Official website for Mark C. Hewitt & Blank Productions

June 2007 / May 2008

Photographs by Paul Thomas
Texts by Mark C. Hewitt

Two collaborative exhibitions with images by photographer Paul Thomas and text by myself responding to the beautiful and frightening interiors of the redundant Shoreham Cement Works in West Sussex.

Exhibitions and events
June 2007: thirtyfive-a gallery, Brighton, as part of Architecture Week South East with commissioned audio descriptions by artist Rachel Gadsden. Accompanying event at Ropetackle Centre, Shoreham, as part of Adur Festival 2007.
May 2008: Chatfields, Steyning. Exhibition as part of Steyning Festival 2008 / architecture08. Accompanying talk in gallery.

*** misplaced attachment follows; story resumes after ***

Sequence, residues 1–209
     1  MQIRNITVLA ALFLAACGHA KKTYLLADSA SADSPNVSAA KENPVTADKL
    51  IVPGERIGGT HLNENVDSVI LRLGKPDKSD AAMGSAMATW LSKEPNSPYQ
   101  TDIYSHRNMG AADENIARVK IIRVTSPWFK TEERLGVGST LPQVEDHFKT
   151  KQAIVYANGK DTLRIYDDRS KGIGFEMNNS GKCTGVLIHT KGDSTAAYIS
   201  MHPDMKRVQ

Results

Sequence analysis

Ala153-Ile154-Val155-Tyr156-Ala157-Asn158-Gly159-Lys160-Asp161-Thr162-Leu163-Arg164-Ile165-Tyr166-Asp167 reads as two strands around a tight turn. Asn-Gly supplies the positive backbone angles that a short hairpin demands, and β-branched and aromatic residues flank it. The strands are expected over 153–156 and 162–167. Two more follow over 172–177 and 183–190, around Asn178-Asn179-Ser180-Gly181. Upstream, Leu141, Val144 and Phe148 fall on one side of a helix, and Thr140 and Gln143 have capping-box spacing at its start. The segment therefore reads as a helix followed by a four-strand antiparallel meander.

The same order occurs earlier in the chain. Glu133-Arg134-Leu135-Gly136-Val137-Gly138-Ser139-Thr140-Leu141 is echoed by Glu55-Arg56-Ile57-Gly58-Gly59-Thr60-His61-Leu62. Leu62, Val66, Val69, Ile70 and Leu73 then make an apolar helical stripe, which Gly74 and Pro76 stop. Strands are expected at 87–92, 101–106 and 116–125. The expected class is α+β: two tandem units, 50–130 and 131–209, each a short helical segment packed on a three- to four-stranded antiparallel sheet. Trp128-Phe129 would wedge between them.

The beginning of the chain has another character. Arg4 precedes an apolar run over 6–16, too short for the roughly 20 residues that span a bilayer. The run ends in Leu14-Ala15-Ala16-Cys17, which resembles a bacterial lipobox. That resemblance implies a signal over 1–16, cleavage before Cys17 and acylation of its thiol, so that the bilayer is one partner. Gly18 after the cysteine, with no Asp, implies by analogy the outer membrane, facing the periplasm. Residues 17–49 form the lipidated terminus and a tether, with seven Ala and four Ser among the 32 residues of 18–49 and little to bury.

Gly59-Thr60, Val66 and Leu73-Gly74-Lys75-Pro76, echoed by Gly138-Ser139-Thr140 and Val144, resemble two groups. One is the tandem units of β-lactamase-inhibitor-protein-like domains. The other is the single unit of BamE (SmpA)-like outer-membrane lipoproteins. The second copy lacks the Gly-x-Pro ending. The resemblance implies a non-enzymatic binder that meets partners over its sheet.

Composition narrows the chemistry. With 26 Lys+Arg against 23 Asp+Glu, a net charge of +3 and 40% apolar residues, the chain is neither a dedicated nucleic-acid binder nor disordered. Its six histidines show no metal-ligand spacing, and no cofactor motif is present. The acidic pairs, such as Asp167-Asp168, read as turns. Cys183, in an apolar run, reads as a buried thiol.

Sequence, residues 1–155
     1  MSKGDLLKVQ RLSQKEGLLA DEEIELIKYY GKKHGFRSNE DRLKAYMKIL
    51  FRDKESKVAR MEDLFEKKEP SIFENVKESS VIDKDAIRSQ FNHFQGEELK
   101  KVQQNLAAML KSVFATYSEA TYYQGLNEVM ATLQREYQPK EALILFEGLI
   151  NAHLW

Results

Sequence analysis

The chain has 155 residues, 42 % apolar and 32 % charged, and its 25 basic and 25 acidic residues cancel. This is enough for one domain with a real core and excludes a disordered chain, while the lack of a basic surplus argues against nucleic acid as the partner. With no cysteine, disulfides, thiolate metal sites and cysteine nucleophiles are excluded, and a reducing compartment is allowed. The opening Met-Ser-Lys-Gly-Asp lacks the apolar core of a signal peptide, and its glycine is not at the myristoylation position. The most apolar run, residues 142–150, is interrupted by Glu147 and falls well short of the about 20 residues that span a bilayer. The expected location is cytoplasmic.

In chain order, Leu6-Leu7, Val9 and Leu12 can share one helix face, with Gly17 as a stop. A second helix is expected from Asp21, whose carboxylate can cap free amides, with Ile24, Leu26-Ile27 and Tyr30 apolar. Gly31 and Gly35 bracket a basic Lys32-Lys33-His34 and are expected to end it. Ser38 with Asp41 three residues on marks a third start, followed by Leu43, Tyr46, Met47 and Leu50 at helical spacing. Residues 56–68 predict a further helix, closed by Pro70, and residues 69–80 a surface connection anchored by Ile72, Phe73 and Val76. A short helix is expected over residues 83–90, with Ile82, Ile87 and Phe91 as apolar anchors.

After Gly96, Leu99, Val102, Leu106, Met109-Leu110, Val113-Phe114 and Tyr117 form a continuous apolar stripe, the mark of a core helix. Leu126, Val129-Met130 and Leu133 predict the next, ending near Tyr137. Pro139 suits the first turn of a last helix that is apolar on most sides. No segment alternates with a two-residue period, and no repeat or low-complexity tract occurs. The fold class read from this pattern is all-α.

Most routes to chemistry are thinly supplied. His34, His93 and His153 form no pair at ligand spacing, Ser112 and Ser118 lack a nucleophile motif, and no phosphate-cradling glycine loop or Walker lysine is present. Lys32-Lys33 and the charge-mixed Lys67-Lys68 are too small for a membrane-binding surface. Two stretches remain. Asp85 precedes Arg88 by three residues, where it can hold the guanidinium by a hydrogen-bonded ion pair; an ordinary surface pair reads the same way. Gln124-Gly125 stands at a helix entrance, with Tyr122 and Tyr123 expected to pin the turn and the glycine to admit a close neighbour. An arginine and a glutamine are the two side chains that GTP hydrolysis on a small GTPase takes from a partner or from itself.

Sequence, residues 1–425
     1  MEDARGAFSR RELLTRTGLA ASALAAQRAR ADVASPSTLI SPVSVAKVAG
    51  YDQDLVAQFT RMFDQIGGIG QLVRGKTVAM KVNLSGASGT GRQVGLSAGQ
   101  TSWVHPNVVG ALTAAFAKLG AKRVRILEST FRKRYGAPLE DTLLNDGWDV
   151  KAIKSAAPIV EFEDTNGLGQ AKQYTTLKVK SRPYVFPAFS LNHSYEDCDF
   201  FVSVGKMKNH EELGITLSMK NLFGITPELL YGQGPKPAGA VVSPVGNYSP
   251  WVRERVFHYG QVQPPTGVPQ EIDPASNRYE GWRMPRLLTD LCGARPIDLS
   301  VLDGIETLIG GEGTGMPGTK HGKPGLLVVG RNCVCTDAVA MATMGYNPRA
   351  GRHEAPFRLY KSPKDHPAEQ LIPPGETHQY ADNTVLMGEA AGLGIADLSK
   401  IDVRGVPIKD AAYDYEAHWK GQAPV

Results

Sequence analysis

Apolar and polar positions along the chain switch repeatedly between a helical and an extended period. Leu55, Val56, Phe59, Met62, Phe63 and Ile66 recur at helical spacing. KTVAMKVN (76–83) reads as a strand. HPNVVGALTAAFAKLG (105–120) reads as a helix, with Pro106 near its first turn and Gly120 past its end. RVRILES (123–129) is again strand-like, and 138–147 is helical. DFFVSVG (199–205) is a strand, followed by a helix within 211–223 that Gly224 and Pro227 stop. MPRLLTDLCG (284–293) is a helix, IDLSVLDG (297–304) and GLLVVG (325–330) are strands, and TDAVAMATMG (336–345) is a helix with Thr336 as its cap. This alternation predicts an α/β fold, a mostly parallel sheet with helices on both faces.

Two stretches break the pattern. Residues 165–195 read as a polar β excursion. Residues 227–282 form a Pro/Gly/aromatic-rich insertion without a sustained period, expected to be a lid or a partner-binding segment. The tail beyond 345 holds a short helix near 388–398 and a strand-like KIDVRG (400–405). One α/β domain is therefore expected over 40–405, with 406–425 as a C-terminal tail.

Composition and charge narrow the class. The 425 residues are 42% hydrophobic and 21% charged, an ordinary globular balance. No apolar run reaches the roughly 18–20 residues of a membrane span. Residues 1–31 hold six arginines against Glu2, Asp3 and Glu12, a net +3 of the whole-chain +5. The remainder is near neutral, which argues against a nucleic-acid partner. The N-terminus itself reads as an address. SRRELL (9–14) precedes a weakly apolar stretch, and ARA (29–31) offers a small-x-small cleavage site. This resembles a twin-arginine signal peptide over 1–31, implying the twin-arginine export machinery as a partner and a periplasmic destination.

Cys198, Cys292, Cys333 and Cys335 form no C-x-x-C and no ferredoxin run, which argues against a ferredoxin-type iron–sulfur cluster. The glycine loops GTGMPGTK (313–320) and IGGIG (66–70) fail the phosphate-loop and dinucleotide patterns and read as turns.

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A small ugly square building on the edge of the main block. I’m looking in through a gloriously rusted metal window frame. Light seaps in through windows in the north wall. The rust round the window frame black. It has eaten deep into the metal. Cracked cream paint. Metal grids are bound to the frame with twists of electric cable. A few jags of glass are still left in the frame, most are lost. Peering inside, I see a squarish room built around a framework of girders with one central pillar. A raised floor cut with thinnish deep channels, maybe three foot deep. Chalked letters along the wall of one channel: 6A, 7A, 8A, 9A, 10A, 11A, 12A. Smell of cement dust. More than a smell, you have it in your throat. Must have been thick in the air once. Some sort of technical instrument lying on its side. Light blue-green metal cabinet-thing with sixties-style metal handle to open and close the doors. Three gauges, each with a dial beneath, on a control panel above the cabinet. Black wires and pipes snaking round the floor, one of which is draped over the instrument. Wires and fuseboxes line the walls. All manner of detritus: bits of metal and unidentified tools. On the south wall, in the familiar style of the graffiti art, the head and shoulders of a figure in green hoodie and yellow baseball cap, face left blank. On a central pillar, in black felt tip, a crude cross or dagger-shape and the word CARTER, underlined.